spoke your wordless liberation chants
as grains of shell & sand trickled
through your fingers when returning
comrades, from quarries or bent
under loads of seaweed passed by.

Acknowledging their muted greetings,
eyes following their raised hands,
your hand turned hourglass;
its grains drifting groundwards
spoke of the ancestral soil we’re all part of,
told of the turning of the times—

Deela Khan, August 1997
Poem from
Engaging the Shades of Robben Island: Realties 2002, p.35

Deela Khan

Amidst the Fifa world cup euphoria that has gripped our country I remember June the 16th, 1976 and paste the poem I wrote on its first commemoration 33 years ago:

Hector Petersen & the
Brave ones who died on 16 June 1976

The first blood to flow in Soweto
Blood that plunged into grief and tragedy
The 16th day of wintry June was from
The limp, gun-blasted body of
Hector Peterson, boy warrior who
Strode the streets of Soweto, a faceless
Child, amidst a defiant mass of kids,
Struggling for their rights,
Demanding their lost identity,
Resisting a System of Black
Learning constructed on
Lies, deceit and inequality,
Oppressing them,
Brainwashing them,
Gagging them,
Rendering them invisible.

Carried along with the great river
Of youths under fire
He marched, shouted, and sang out loud
The litany of children robbed of their rights.
In courage and recalcitrance
He lifted his daring fists against
The Government starving him,
Branding him,
Enslaving him,
Dehumanizing him,
Murdering his fragile body, but
Unable to erase his face from the
Bloodied annals of History.

Deela Khan
June 1977

Deela Khan

Nelson Rolihlahla Mandela

You stood in Isaac’s painting,1 head in the Milky Way,
Wrapped in a starry shirt of indigo, your open hands
Releasing a pair of white doves bearing olive twigs.
You were cloudwalking in a shirt of stars—
“What do you think?” Isaac asked.
“Has it captured the spirit of the Rolihlahla?”2
“It has more than stirred me, it has spirited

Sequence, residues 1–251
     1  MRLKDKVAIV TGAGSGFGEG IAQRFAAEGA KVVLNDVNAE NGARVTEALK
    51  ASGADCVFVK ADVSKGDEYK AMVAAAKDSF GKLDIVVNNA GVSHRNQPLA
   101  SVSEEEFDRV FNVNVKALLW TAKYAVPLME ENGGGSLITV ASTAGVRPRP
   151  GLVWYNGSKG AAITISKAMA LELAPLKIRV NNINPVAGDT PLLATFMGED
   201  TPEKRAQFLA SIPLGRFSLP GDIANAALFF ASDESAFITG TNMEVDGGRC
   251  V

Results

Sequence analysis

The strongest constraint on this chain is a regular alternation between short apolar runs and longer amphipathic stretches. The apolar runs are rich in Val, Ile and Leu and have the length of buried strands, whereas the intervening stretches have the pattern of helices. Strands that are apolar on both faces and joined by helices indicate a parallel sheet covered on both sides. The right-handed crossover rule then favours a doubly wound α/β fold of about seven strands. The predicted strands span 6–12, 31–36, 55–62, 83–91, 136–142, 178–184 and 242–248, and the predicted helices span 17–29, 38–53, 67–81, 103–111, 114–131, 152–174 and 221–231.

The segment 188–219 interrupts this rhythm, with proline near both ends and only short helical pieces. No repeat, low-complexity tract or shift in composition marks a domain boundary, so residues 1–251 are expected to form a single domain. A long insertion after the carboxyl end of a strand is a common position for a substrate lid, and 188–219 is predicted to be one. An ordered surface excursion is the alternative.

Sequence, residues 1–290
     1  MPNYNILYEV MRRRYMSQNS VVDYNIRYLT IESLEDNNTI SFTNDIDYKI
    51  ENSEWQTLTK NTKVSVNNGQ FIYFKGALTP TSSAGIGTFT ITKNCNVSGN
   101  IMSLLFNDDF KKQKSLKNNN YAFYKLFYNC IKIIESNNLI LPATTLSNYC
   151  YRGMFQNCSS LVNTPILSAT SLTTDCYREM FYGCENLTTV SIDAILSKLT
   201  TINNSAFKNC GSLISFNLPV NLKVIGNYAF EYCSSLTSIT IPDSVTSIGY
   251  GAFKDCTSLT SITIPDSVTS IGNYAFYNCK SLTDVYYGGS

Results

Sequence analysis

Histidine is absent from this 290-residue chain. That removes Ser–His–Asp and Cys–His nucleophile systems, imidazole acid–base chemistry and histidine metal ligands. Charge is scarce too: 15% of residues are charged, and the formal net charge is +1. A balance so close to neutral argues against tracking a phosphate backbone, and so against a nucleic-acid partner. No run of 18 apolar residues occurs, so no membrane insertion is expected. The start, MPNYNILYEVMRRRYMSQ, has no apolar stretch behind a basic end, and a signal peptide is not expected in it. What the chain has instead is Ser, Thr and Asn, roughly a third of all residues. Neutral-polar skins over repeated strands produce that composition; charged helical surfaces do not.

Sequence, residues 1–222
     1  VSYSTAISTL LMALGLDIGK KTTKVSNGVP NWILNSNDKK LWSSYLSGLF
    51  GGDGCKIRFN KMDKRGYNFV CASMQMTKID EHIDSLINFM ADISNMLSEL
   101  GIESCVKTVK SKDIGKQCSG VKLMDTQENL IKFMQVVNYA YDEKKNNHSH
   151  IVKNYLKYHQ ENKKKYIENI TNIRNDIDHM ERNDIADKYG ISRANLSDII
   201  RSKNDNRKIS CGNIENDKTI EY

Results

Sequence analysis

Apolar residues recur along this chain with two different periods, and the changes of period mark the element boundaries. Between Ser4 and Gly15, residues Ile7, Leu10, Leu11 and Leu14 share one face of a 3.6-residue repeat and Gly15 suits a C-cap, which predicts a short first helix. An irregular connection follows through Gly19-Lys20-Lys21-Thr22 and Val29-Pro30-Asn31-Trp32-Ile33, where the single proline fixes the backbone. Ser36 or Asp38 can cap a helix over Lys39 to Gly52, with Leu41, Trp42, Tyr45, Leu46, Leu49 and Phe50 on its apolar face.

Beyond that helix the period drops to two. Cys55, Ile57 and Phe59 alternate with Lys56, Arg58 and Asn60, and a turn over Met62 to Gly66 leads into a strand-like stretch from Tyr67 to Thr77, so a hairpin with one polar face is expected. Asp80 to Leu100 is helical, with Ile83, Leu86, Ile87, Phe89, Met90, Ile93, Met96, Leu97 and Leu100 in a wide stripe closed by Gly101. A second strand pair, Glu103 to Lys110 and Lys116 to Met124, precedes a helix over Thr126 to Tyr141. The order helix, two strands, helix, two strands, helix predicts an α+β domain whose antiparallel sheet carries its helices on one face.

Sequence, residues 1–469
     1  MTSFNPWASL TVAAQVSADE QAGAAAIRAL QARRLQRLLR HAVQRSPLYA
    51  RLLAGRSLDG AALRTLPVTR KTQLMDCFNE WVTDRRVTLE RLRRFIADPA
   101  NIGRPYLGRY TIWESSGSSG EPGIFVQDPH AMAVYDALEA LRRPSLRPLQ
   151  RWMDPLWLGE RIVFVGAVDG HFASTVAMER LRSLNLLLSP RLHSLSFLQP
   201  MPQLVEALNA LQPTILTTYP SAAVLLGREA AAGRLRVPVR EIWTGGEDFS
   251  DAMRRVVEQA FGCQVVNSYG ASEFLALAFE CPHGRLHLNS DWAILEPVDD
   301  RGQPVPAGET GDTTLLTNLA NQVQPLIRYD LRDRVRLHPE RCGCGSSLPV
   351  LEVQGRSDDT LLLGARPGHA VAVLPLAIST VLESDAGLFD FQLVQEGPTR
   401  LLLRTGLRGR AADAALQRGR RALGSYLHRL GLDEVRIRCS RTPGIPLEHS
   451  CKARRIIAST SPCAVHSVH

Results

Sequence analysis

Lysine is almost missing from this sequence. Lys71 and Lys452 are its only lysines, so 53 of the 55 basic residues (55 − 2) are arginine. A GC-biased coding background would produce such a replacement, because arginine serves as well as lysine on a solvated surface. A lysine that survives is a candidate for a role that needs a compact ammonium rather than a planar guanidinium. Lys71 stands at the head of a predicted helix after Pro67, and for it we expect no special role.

My breath away”, said I, mesmerized.

Now, can I understand why my poem for you
Refuses to arrive. How do I write you, colossal
As you have grown, our Madiba?
Where do I gather pristine words to celebrate
You with a hint of freshness. You are alive, your legend
Continues, competes with the ever proliferating oceans
Of words chanting your praises, ululating your lives.

You have lived too many lives, you have been
Too many faces, you have witnessed the passing
Of too many seasons; now life has seasoned
You with the gifts of seer, of Universal Healer.

Portrayed for posterity as cosmic traveller, Rolihlahla,
The painting bares you as gentle soul attuned to animals,
One with the elements, as cloudwalker walking the
Starways, turning with the music of the spheres,
As icon, now property of the global community,
Dragging an olive branch over the chasms that
Split our nations, able to resolve the irresolvable
And obliterate the wars and suffering
Afflicting our people with the magic of your presence.

Hero of every kid and every grown kid I know,
Inspiration, Role-model, Grand-father
Of the world for generations to come,
History captures you as bearer of Hope,
Deliverer of Sunbeams, Slayer of tyrannies—

April, 2000

1 Isaac Makaleni, the painter/sculptor whose painting of Nelson Mandela painted during the 1997 Robben Island Artist-in-Residence Programme)
inspired the poem.
2 Dragging a branch across the earth, sweeping away, stirring things up – a troublemaker.